asherah, fae of the kaitka, called up to her winged friend kraka.
she was looking for advice.
kraka scooped her up in his wings and hoisted her onto his back.
together they swooped down the hills in the falling dark,
watching the deer browsing for food in the dusk,
in the lamplight of the kaitka settlement.
“what is your question, fae asherah?” croaked kraka.
“i want to discover why it is so hard to find where i belong,” she replied.
“this is a question for someone wiser than i”, kraka responded,
“let us go to the land of rains, and ask raaf”.
so they flew deep into the rainforest, and when they found raaf,
they asked her asherah’s question.
raaf flapped her enormous raven wings and thought for a moment,
and then replied:
“we are each destined to follow three streams:
the first is the stream of the place we belong, where we are meant to be.
the second is the stream of the creatures we love, who we are meant to be with.
the third is the stream of the work that has meaning for us,
what we are meant to do and to be.
the challenge is that these streams may be far apart,
and as the world grows larger and more crowded and more complex,
these streams get faster and wilder and farther apart still.
it’s possible that all three streams may begin at the same source,
in which case you have to follow them upstream.
it’s possible that all three streams may end at the same sea,
in which case you have to follow them downstream.
and it’s possible that the three streams may flow into each other,
in which case you will have to discover how they are connected.
all i can tell you is that for each of us, there is a confluence,
and to answer your question, that is what you must find.”
asherah seemed puzzled: this seemed more a riddle than an answer.
but they thanked raaf with deep bows, and flew off
to look for the confluence of the streams.
for several days kraka and asherah flew over the countryside
studying the streams.
they found streams that looked like lovely places to live,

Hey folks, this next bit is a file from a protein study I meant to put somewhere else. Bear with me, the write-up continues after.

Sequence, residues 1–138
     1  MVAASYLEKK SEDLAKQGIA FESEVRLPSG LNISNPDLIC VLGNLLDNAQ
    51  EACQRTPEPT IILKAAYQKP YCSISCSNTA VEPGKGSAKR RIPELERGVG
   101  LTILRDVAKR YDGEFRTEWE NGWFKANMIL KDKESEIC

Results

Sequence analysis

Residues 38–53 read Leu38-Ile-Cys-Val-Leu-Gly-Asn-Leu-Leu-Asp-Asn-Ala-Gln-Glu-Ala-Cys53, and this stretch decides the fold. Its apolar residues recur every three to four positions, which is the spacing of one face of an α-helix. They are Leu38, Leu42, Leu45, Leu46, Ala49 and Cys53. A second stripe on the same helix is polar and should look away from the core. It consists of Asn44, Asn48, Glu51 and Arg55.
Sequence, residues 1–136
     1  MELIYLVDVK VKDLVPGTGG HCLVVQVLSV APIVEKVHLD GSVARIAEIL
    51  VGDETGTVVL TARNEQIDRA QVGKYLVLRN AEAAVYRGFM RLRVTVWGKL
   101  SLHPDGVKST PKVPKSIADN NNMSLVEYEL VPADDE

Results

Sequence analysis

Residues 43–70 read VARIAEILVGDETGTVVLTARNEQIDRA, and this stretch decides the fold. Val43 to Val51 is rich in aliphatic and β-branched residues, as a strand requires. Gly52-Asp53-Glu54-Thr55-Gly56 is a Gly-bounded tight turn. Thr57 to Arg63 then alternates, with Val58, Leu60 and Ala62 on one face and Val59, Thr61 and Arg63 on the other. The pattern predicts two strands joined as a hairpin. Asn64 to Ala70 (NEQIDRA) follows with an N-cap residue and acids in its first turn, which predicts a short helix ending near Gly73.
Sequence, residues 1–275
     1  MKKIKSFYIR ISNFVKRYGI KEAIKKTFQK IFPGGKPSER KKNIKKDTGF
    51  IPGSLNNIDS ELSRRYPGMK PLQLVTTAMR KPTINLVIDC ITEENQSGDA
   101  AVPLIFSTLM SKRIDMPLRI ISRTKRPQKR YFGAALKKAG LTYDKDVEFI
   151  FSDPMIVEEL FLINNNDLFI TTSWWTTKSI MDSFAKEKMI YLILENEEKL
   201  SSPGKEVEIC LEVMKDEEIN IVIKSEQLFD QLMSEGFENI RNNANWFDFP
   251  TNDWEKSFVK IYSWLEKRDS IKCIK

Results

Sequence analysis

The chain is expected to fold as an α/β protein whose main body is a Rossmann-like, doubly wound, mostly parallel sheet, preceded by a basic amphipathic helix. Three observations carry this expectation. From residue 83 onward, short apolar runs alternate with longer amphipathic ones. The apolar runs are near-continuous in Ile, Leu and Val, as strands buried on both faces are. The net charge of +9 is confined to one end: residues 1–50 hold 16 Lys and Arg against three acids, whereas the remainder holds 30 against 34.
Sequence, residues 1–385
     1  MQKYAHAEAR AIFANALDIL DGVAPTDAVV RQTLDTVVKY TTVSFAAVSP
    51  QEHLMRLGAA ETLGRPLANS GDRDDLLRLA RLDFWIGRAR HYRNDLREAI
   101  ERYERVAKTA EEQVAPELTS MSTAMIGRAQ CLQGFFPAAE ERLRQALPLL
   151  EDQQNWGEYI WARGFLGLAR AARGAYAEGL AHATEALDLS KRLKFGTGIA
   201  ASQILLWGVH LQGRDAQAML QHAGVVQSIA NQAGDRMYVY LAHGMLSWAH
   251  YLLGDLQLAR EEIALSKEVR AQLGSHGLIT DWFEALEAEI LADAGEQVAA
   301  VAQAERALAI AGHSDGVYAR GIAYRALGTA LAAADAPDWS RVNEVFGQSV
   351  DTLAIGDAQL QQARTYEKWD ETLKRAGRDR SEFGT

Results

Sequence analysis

but there were no other creatures there.
they found streams that were full of wonderful creatures,
but they were troubled places, where it would be struggle to live,
or crowded places, where asherah could not do what she wanted to do.
they found some places so beautiful it took their breath away,
mountains where it seemed the whole world revolved below you,
forests so rich and dark they drew you in as if welcoming you, at last, home,
and places where the winter snow was melting into spring,
where the world was filled with promise and renewal.
but they could find no confluence of the three streams raff spoke about,
and each night they agreed to try again the next day, and slept in the trees,
asherah nestled in the down of kraka’s wings,
crying herself softly to sleep.
finally asherah said, in despair,
“perhaps we’re flying too high, or we’re looking for the wrong thing;
i’m no longer sure i would recognize the confluence if i saw it.”
and kraka suggested they gather together a group of friends
to get some advice on what to do next.
soon they were talking with kraka’s avian friends sperling the sparrow
and mésange the chickadee.
“i find that when i have to make a decision, it’s best to lay out all the facts,
and set priorities for what i want most.
so, asherah, can you give us a list, in order, of what you look for in a place,
and what you look for in the creatures you love,
and what are the things that are important for you to do, to be fulfilled?”
asherah thought for awhile and then made these three lists:
|WHAT: important to do: